If you’d had Donald J. Trump in your class, when his hair was real, would you have loved him?
I’d bet that, though he may have tested you (as many times as you failed him), though you may have torn out clumps of your own real hair triple-marking his staccato streams of unconscience, you would have loved him all the same. His mug – the one he had put on your desk on the last day before he disembarked for the holidays; on the last day he would go and never come back until you saw him on the cover of ‘The Art of the Deal’; his gilded and ample ‘Best Teacher’ mug was the one that you cherished the most.
It troubles me that I have no qualms thinking of him as an idiot. How can I have a Growth Mindset for others and yet deny it to him? Sat across a formica desk from his parents, there is no way on Earth I could find the words to deride him: “Your son is an irredeemable idiot.”
Worse still: “Your son may be, at best, ignorant; at worst, an evil buffoon.”
The great irony of teaching is that we are both discouraged from and encouraged to make judgements. We are asked to weigh children – sometimes to such an extent that we lose sight of, and expertise in, anything that comes between such instances of measurement. On the flipside of the coin (and what is more schizophrenic than the two sides of a coin?), we are asked to reserve judgement; to talk about the behaviours and not the child, to deal in symptoms and live in hope that all can be redeemed in time. We refuse to wash our hands and we are constantly reminded to wash our hands.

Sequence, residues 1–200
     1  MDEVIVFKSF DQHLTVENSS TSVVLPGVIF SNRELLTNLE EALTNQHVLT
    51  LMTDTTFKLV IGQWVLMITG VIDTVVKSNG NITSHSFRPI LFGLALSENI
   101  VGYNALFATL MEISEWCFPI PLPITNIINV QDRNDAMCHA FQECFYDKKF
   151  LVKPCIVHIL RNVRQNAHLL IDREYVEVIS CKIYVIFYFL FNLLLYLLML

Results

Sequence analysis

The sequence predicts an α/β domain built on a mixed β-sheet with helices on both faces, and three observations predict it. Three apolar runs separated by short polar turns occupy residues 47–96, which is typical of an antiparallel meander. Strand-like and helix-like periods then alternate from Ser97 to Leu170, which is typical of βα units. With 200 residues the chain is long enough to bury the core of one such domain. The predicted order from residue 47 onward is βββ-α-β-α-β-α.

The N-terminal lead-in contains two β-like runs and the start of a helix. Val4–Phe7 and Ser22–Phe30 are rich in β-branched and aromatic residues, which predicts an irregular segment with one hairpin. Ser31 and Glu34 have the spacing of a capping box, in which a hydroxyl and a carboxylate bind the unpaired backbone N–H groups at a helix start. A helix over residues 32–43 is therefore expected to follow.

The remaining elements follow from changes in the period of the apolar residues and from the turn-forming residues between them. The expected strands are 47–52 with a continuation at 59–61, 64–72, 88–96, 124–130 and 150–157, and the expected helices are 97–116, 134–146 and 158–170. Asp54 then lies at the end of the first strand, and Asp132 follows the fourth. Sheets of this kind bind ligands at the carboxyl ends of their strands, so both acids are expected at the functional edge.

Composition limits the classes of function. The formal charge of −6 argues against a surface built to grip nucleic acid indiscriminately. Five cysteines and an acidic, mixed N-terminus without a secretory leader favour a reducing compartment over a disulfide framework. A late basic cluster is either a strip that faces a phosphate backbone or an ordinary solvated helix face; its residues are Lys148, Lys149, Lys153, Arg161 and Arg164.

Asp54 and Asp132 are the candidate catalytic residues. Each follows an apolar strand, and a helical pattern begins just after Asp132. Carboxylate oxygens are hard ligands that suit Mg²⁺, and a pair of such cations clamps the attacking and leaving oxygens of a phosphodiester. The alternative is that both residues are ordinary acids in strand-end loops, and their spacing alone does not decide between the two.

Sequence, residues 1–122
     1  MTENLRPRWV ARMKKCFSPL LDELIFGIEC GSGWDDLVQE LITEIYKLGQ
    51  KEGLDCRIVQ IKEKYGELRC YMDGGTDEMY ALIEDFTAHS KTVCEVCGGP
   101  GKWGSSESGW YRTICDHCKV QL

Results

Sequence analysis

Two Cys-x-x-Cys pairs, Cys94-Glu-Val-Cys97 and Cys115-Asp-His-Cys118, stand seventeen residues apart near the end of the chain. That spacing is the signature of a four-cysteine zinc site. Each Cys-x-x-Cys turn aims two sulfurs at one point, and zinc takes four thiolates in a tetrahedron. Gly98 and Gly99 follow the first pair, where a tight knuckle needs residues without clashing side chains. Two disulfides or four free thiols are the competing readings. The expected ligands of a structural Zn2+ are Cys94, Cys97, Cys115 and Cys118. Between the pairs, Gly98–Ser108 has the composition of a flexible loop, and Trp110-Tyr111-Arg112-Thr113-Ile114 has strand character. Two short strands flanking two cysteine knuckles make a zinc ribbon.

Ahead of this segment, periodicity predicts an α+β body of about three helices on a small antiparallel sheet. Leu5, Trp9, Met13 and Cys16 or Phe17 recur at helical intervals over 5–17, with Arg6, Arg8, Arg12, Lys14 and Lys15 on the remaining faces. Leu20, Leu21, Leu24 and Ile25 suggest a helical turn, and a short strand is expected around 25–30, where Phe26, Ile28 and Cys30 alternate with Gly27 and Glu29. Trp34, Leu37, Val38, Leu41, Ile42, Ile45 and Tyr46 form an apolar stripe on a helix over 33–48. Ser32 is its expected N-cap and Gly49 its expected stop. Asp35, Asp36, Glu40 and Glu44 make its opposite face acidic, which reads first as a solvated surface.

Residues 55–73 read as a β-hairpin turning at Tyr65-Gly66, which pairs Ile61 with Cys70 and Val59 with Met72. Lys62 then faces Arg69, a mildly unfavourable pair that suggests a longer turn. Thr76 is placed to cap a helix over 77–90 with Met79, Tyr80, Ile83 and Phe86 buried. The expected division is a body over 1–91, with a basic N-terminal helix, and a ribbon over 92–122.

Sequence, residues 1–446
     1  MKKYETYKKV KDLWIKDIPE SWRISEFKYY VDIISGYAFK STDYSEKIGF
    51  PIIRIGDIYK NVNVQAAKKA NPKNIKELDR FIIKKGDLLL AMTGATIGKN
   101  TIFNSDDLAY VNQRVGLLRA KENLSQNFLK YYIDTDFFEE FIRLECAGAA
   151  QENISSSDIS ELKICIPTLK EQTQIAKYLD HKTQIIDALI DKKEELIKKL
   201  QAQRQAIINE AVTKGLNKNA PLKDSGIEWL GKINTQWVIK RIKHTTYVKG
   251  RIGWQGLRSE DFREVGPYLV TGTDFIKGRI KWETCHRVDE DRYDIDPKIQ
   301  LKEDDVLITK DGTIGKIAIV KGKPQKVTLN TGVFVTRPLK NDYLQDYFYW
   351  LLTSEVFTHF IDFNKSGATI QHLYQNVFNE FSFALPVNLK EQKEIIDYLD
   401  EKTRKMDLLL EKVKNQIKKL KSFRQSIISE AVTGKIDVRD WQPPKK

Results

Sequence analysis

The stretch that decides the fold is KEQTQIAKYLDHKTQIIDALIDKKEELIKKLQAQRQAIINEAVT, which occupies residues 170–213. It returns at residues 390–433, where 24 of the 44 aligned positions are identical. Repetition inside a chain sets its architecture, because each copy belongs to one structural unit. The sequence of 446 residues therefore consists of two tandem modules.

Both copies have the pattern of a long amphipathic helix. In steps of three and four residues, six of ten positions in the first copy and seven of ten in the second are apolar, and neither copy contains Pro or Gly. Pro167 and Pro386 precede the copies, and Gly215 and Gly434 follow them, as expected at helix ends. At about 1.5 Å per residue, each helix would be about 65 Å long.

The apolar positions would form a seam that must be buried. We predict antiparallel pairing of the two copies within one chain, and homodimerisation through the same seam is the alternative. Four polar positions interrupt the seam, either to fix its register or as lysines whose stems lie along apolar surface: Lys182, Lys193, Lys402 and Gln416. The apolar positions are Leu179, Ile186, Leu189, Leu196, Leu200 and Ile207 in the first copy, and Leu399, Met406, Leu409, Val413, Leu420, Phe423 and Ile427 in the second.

And yet. And yet of Donald J. Trump I poise over judgement’s wash basin with soap and flannel. Only yesterday was I chortling at the ball-free statues of him that had sprung up in various US cities like 3D graffiti. Had the same graffiti artists erected equally unpleasant statues of Hillary Clinton, I’m sure I would have been quick to dismiss their authors as bigotted loons. And yet. And yet.
Donald J. Trump is an idiot.
As redeemable as the child in your class that refuses to read because books are less immediately entertaining than slowly killing flies or taunting the perceptibly weak so that he can conceal his perceptible weaknesses.
In his defence, I say to his mother, “Not yet.” In his defence, I say to his father, “But, yet.”
Donald J. Trump is becoming, in progress, developing. He is in The Cave. He cannot see beyond what is projected for him, but then nor can I. Yes, he may (in his haste to deflect attention from his own equitable deficiencies) tear my wings from me. But in doing so, he may inadvertently (and with unknowing benevolence) spare those of my children.
As with Obama before him, there is always hope. Trump is not an idiot.
We’ll only definitively know him to be so when it is too late.